Welcome to Heirloom Stories: Artists of Etsy. In this series, we’re stepping into the studios of the gifted artists who create not just art—but future heirlooms. This edition spotlights Ruthanne from 4witsend, an Etsy artist whose work echoes Victorian elegance.
“Gardening, for me, was like taking a mini-mental vacation: It was peaceful because none of my children wanted to help (thus, I named my little paradise ‘Wits End’).”— Ruthanne, 4witsend
Can you tell us about your journey as an artist? How did you get started, and what inspired you to choose this path?
Like so many little girls, I was horse-crazy, and my parents would take me to the library every weekend so I could check out yet another book written by Marguerite Henry and illustrated by Wesley Dennis (Album of Horses, Misty, King of the Wind, Born to Trot, etc.) I’d read all the beautiful stories about horses and study and draw from Wesley Dennis’ amazing equine illustrations over and over again.
After I had all my children, I went back to drawing and then painting for family while also developing a passion for gardening. Gardening, for me, was like taking a mini-mental vacation: It was peaceful because none of my children wanted to help (thus, I named my little paradise “Wits End”), and I got to know flowers close up and personal.
My gardens grew to great perennial beds, arbors, and pergolas. I wanted to find a way to help fund my obsession with gardening (exotic perennials can be pricey!) yet be a stay-at-home mom to our four children, and I was encouraged to sell my paintings (mostly garden signs, etc.) through the, at the time, very young Ebay.
From there, I self-taught acrylics, pastels, and oils, which pretty much brings me to today.
What is your creative process like? How do you go from an idea or a ‘story’ in your mind to a finished painting?
I, more often than not, have a story in mind before I start a design. I spend much time developing a design that reflects, to some extent, my story.
Now, sometimes my story changes or develops more as I work out a design. They rather go hand in hand. Once I have that feeling that my image and thoughts are married together, it’s off to the easel.
Yet the process remains fluid until the painting is done, my idea is tweaked, or my painted representation can be refined.
How does your love for writing influence your artwork? Can you share an example of a painting that was directly inspired by a story you had in mind?
I’ve always loved writing … not so much formal writing like books but articles or little pieces for garden clubs, antique clubs, online groups, schools, etc. My sister is a poet; I am more of a short-story antidote sort of writer. I think my penchant for little snippets of thoughts, of stories, goes hand in hand with each of my paintings.
Sometimes a painting idea sparks a story in my mind, but more often I have a story image in my mind and try to recreate that little thought onto canvas.
Probably the most obvious example, to me, of a painting that was inspired by a story is a little painting of a fledgling hummingbird called First Solo Flight.
We are an aviation family:
- My husband is a pilot and has built or rebuilt numerous planes.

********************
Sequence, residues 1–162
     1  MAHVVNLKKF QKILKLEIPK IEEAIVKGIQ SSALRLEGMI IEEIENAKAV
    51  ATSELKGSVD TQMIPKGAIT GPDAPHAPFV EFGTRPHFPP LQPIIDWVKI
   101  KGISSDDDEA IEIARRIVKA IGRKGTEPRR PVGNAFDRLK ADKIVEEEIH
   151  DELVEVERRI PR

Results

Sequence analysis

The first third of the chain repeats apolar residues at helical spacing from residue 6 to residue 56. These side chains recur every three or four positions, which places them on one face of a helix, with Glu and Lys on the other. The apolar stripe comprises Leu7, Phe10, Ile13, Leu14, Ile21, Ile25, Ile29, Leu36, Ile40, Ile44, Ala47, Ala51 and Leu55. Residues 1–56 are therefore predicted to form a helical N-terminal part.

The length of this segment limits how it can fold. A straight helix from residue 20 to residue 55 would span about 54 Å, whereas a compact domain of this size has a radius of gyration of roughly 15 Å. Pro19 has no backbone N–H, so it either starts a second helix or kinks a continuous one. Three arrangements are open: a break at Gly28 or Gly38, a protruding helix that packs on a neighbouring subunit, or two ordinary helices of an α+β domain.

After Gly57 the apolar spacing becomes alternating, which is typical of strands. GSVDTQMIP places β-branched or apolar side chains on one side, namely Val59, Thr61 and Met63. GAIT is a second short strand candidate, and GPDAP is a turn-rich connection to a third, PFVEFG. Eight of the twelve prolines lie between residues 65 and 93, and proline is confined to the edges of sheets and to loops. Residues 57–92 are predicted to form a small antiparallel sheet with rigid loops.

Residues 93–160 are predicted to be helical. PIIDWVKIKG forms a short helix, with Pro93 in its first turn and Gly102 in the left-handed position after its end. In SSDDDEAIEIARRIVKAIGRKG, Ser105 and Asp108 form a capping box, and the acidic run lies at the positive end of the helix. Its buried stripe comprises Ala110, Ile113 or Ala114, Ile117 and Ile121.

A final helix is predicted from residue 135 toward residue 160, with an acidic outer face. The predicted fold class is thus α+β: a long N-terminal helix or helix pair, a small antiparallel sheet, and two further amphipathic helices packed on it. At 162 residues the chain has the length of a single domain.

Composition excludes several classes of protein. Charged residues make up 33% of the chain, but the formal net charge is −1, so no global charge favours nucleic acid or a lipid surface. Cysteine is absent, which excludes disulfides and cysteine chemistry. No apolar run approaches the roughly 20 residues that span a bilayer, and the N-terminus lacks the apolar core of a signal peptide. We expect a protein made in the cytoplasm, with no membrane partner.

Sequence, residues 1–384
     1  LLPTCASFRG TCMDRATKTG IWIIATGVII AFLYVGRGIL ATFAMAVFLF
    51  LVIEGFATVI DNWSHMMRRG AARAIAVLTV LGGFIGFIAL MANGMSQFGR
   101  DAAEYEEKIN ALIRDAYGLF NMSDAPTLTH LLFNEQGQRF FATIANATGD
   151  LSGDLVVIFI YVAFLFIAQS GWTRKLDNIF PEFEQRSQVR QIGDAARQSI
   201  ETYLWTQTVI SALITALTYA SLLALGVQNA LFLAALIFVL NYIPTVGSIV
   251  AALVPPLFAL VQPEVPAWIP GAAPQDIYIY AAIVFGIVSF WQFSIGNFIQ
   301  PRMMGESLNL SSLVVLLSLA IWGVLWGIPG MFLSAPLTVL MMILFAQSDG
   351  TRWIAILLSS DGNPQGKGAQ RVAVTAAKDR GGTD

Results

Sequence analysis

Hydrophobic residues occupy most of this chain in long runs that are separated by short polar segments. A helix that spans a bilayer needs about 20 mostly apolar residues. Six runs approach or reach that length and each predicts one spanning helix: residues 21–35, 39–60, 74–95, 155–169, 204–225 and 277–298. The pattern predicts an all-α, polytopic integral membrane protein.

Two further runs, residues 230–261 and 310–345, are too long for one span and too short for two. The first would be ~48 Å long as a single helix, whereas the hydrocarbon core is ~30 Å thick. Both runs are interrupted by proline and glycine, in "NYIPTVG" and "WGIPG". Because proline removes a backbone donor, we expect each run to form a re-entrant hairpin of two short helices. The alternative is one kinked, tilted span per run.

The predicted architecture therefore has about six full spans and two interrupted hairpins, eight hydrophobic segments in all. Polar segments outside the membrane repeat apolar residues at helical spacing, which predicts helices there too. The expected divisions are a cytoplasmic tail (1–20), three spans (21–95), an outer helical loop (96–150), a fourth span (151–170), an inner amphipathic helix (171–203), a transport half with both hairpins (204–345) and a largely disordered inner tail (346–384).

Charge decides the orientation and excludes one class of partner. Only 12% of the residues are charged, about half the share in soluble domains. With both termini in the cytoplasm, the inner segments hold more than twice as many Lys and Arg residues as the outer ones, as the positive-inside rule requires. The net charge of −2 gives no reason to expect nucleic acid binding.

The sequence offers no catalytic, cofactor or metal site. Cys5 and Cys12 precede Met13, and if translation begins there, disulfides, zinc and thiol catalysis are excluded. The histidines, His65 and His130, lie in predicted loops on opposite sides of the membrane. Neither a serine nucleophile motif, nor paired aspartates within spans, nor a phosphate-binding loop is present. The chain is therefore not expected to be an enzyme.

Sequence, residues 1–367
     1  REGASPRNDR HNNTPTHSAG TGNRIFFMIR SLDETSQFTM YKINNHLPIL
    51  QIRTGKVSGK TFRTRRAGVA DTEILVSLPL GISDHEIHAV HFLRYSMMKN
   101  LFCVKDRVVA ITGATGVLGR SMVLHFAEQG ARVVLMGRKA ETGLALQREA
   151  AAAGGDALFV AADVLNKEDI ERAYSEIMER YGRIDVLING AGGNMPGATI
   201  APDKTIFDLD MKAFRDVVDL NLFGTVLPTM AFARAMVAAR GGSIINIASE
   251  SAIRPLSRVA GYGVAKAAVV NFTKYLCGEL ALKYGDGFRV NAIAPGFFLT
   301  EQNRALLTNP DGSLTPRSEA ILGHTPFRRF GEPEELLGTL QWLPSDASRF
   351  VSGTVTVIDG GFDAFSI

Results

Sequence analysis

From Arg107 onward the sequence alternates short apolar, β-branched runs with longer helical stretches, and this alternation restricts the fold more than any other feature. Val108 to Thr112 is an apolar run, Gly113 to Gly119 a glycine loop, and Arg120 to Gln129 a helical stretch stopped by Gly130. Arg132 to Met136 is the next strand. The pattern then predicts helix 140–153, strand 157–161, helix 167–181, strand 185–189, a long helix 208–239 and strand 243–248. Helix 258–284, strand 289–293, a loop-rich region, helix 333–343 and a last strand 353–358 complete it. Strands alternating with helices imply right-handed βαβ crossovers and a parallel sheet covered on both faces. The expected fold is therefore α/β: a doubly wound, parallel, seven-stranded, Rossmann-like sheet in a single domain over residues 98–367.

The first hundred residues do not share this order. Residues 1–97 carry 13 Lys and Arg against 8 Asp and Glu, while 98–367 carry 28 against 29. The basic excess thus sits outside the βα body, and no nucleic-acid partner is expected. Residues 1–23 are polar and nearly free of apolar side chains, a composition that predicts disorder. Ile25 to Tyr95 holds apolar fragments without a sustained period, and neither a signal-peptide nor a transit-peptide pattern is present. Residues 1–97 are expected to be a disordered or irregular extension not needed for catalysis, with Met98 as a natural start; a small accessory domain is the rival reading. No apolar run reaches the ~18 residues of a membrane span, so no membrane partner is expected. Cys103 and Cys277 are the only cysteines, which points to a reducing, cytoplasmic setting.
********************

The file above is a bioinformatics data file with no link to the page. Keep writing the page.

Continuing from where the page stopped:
- We live in an airport community with a landing strip, etc.
- One son is an aircraft technician and our other son is a corporate pilot and owns a flight school.
- Our children have flown in small planes from the time they were toddlers.
I was imagining a little bird, ready to leave the nest. Excited, perhaps a bit apprehensive, but up for the challenge while momma bird waits on the sidelines…
…every bit as apprehensive as her fledgling. I know that feeling!
Can you share a couple more of your favorite pieces and the stories behind them?
This painting is The Secret Keeper
The story I envisioned was that of a young girl of tender age. The joys and the angst of that age are often shared in diaries, but sometimes the need is felt to voice them. There’s an old tree in her backyard, behind her garage, that she goes to when she feels like running away with her thoughts. There, she could go and cry or scream or pray or whisper her deepest wishes and heartbreaks, questions and joys. To this day, that tree has kept her secrets close.
This is Fancy Felicity
Felicity fancied herself a be a lady. No scruffy, tangled fur for her. Each day she would don a new satin ribbon; each day had a color all its own. And, of course, it was daily tied in the daintiest, most lady-like of bows.
Your work seems reminiscent of Victorian paintings, and you frequently use antique-style frames. Can you talk about this aesthetic choice?
Yes, the vast majority of my frames are vintage or antique. I think it is because the pieces hold stories of their own … of past generations that have enjoyed them, of the loving memories they once held. I do try to choose one that aesthetically complements the painting or further advances the mood of the piece.
An ornate frame might reflect the formality of a particular painting, or one with a border of gold gesso foliage seems just right for a woodland scene. Even a more simple old frame of wood polished deeply over the years might be fitting for a still life of autumn acorns and berries.
By purchasing Ruthanne’s heirloom-quality art, you’re not only acquiring a timeless piece for your collection but also supporting an artist who pours her heart and soul into every creation.